100% FDI nod for single brands
Govt is likely to go ahead with 100% FDI in single brand retail as there is hardly any political opposition to it. HT reports.business Updated: Dec 07, 2011 23:36 IST
Political rage may have held up foreign direct investment (FDI) in multi-brand retail, but a key proposal linked to the same retail reform agenda — 100% FDI in single-brand retail — seems to have scraped through.
The government is likely to go ahead with it, since there was hardly any political opposition to it.
This means that although global supermarket giants Walmart, Tesco and Carrefour may not be able to set up deep-discount stores in India yet, others such as iconic furniture brand Ikea and apparel retailer GAP — that sell just one brand under their roofs — will gain entry.
This will pave the way for marquee brands such Prada, Ikea, GAP and sports goods majors to set up exclusive outlets, managed and owned entirely by them, in India.
In the past five years, under the current regime of 51% FDI in single-brand retail, FDI of only $44.45 million (R231 crore) came to India, constituting barely 0.03% of total FDI inflows.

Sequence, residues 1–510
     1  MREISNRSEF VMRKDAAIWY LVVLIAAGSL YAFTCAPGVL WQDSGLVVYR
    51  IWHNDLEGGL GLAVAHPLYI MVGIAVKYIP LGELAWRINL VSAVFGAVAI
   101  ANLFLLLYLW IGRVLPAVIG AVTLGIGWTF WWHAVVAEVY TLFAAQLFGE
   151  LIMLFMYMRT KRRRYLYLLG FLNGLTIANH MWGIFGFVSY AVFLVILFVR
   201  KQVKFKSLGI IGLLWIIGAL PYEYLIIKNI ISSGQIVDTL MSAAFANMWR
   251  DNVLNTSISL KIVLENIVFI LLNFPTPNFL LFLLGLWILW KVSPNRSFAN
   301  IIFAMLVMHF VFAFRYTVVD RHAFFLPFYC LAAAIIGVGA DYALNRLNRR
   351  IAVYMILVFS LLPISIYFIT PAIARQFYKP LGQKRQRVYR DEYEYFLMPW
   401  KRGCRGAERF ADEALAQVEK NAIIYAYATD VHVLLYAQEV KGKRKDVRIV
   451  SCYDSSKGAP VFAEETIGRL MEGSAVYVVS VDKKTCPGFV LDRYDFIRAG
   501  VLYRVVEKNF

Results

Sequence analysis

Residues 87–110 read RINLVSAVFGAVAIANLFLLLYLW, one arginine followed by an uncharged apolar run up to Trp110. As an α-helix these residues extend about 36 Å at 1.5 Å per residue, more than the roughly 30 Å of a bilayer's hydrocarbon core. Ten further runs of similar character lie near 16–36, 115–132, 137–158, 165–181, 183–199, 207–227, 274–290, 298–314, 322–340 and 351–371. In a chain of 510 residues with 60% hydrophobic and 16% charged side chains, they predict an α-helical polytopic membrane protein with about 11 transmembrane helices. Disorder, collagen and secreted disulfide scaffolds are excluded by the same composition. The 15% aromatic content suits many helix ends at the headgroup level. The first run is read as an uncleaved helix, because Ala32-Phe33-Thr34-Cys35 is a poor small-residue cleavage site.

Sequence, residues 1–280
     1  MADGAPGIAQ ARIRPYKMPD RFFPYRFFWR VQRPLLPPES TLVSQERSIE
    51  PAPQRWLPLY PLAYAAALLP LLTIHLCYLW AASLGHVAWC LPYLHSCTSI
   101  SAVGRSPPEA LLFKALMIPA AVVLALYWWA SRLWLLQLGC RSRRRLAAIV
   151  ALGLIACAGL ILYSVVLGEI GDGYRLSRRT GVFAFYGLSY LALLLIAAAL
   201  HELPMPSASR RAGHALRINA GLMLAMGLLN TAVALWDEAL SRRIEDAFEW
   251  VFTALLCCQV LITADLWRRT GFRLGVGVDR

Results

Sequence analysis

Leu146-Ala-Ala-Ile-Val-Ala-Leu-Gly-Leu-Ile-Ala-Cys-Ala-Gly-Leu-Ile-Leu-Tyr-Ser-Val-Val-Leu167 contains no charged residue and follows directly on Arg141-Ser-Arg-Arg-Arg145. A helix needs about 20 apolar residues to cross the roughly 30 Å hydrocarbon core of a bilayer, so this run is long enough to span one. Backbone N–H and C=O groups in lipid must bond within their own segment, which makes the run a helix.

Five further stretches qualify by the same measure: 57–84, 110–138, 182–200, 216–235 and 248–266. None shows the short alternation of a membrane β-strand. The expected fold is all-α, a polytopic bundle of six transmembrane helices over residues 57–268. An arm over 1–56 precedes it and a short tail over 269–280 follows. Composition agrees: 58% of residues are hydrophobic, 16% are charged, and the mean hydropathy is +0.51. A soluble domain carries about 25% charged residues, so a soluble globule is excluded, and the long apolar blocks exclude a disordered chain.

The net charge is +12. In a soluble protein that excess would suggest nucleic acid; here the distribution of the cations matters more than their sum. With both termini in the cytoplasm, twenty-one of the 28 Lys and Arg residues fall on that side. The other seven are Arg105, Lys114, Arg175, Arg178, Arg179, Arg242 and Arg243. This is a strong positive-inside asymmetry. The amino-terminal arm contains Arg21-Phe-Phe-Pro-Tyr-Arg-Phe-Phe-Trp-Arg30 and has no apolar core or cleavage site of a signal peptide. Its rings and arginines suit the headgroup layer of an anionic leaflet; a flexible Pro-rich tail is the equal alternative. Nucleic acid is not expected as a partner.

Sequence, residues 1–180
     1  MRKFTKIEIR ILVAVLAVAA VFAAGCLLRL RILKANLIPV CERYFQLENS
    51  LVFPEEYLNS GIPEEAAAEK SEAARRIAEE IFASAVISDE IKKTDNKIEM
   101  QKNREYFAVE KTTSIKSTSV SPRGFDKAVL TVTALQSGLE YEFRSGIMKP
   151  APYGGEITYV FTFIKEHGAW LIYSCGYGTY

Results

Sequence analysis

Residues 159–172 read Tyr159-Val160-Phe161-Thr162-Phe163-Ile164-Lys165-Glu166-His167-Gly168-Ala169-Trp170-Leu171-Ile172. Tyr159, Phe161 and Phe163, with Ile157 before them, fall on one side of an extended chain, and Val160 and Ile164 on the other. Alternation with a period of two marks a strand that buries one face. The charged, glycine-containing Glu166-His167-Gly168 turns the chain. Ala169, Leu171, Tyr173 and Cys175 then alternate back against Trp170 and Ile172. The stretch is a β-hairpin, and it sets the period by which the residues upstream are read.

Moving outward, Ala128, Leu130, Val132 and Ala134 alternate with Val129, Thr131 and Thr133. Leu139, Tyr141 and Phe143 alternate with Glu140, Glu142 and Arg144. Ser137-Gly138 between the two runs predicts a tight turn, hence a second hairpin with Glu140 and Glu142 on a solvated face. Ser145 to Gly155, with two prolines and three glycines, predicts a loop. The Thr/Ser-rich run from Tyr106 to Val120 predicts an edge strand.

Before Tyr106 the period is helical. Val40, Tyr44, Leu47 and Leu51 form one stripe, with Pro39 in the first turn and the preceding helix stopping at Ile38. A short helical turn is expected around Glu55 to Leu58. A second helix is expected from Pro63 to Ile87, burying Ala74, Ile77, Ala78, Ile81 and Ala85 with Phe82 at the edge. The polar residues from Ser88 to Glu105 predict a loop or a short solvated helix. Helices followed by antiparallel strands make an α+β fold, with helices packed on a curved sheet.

Globally, single-brand retail follows a business model of 100% ownership and global majors have been reluctant to establish their presence in a restrictive policy environment. “The current cap of 51% confers a right to pass all ordinary resolutions while enhancing the cap to 100% will confer full ownership and control,” said a government official, who did not wish to be identified.
Finance minister Pranab Mukherjee’s statement on Wednesday, suspending 51% FDI in multi-brand retail, steers clear of any mention on 100% FDI in single-brand retail.
Under the new policy regime for single-brand retail, products to be sold should be of a ‘Single Brand’ only. These should be sold under the same brand internationally — implying that products should be sold under the same brand in one or more countries other than India.
BJP leaders are privately saying that single-brand retail is not as “dangerous” for the domestic retailer or producer as it pertains to niche products that do not fundamentally alter the retail market, thus showing greater flexibility on this than on multi-brand retail, which, they claim, will be a disaster.